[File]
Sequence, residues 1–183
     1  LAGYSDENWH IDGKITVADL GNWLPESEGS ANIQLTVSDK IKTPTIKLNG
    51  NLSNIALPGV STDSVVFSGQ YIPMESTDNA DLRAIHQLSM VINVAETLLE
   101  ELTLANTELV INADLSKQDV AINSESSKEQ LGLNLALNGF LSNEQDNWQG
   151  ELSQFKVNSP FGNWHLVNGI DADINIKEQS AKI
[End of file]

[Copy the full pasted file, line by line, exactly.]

Sequence, residues 1–183
     1  LAGYSDENWH IDGKITVADL GNWLPESEGS ANIQLTVSDK IKTPTIKLNG
    51  NLSNIALPGV STDSVVFSGQ YIPMESTDNA DLRAIHQLSM VINVAETLLE
   101  ELTLANTELV INADLSKQDV AINSESSKEQ LGLNLALNGF LSNEQDNWQG
   151  ELSQFKVNSP FGNWHLVNGI DADINIKEQS AKI